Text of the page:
DACA Enables Mobility, but its Uncertain Future Undermines Benefits for Recipients
By Erin R. Hamilton, Caitlin Patler, and Robin Savinar, UC Davis

The Deferred Action for Childhood Arrivals (DACA) program, implemented in 2012, granted a subset of undocumented youth temporary relief from deportation, as well as work authorization and other benefits. In a recent study, we analyzed both whether and how DACA impacted education and employment among undocumented immigrants in California. We found mixed effects. DACA enabled college for some, but discouraged it for others. DACA recipients perceived substantial occupational mobility, but for many, this was not reflected in movement out of the secondary labor market. Our findings suggest that, without access to permanent legal status, DACA recipients experience ‘liminal legality’ characterized by chronic uncertainty and limited socioeconomic integration. Offering DACA recipients a clear path to permanent citizenship would end this state of limbo and enable them to realize their full potential.

Key Facts

  • 900,000 undocumented immigrants applied for DACA status between June 2012 and September 2018.
  • DACA has enabled substantial economic and educational mobility for many, but the program’s temporary and uncertain nature limits its full potential.
  • Replacing DACA with a permanent program that includes a path to citizenship would enable recipients to benefit more fully from educational and professional opportunities.

Undocumented status undermines immigrant wellbeing through a variety of mechanisms, including the denial of rights, exclusion from formal institutions, and the threat of detention and deportation.[1] Undocumented immigrants and their children have worse self-rated health, poorer developmental and educational outcomes, lower earnings, and higher rates of poverty than documented immigrants and their children.[2,3,4] Assessing the impacts of policies that broaden the rights of undocumented immigrants is therefore fundamental to new policy efforts to mitigate social inequality—especially in the current political climate.

Between the creation of DACA in June 2012 and September 2018, USCIS approved over 900,000 initial applications, representing 70 percent of the 1.3 million people estimated to be eligible for the program.[5] In September 2017, President Trump announced plans for DACA’s termination. The Supreme Court rejected this plan in June 2020, but the future of the program remains uncertain.[6]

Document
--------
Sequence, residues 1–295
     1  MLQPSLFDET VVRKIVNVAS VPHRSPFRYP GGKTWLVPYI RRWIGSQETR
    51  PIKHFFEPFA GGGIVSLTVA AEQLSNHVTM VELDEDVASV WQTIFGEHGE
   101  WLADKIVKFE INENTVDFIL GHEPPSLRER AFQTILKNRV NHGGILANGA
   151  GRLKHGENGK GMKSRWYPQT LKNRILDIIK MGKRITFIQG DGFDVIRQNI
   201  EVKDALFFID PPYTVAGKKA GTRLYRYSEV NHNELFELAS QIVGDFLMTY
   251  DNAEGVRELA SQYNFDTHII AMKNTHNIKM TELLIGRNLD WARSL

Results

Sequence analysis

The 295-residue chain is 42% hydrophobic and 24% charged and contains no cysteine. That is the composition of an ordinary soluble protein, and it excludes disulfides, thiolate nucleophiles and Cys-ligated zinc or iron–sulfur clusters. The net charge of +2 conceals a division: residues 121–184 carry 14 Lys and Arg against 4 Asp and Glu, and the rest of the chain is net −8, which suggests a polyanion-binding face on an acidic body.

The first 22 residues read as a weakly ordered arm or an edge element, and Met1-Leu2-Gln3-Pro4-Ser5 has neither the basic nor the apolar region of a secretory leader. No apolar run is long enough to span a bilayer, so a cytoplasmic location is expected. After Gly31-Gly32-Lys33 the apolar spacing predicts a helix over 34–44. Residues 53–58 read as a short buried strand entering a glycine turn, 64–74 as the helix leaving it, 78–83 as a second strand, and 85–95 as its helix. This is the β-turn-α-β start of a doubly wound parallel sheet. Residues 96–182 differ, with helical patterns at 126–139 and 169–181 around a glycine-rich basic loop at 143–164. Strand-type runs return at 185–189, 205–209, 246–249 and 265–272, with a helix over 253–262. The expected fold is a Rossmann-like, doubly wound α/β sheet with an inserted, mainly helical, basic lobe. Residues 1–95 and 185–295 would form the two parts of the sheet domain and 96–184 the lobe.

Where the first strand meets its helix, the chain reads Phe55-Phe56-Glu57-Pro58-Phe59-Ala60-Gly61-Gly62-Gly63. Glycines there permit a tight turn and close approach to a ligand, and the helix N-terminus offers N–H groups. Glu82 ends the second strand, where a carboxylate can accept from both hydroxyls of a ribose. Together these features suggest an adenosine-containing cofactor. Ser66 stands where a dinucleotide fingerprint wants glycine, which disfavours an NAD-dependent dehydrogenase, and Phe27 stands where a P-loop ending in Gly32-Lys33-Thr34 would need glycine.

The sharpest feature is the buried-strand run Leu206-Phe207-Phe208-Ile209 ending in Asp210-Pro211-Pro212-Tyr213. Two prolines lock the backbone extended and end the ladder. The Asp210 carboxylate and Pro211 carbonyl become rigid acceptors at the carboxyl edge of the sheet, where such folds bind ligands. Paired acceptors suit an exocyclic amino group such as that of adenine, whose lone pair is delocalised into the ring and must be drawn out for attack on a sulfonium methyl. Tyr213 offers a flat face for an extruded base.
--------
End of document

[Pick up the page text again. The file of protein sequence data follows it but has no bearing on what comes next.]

Though DACA recipients benefit from deferral of action on deportation, as well as work authorization, they arguably experience “liminal legality”, a status “in between” documented and undocumented, with uncertain and contingent impacts on economic integration.[7] Liminal legality may be empowering in the short term, but not so when experienced over longer durations. This is because its inherent uncertainty undermines recipients’ ability to plan and make investments in the future.[8] Put another way, the uncertainty and temporariness of the DACA program may alter the choices recipients make regarding school and work. In this study, we examined those choices.[9]

Measuring DACA’s Impact on Education and Employment 

Our study draws on two sources of data from California. Firstly, we used data from the 2007–2017 waves of the California Health Interview Survey (CHIS), a population-based telephone survey of California’s residential, non-institutionalized population collected biannually. We restricted our analysis to the 2,585 Latino-origin immigrants who were under 31 and at least 18 years old. The average DACA-eligible immigrant in this sample is 23 years old and migrated at age eight in 1998. We used the CHIS data to estimate DACA’s impact on current employment status and educational attainment.

We also analyzed data from the DACA Study, which were collected in 2014–15 and include 502 telephone surveys with potential DACA applicants and 62 in-depth interviews with a subset of survey recipients. Respondents were drawn from a pool of individuals who attended at least one of six DACA workshops in Los Angeles County between 2012 and 2014. We conducted in-depth interviews with 62 survey participants approximately one year after the telephone surveys. We used the DACA Study survey data to contextualize and provide additional nuance to the CHIS findings.

Mixed Effects Show Toll of Uncertainty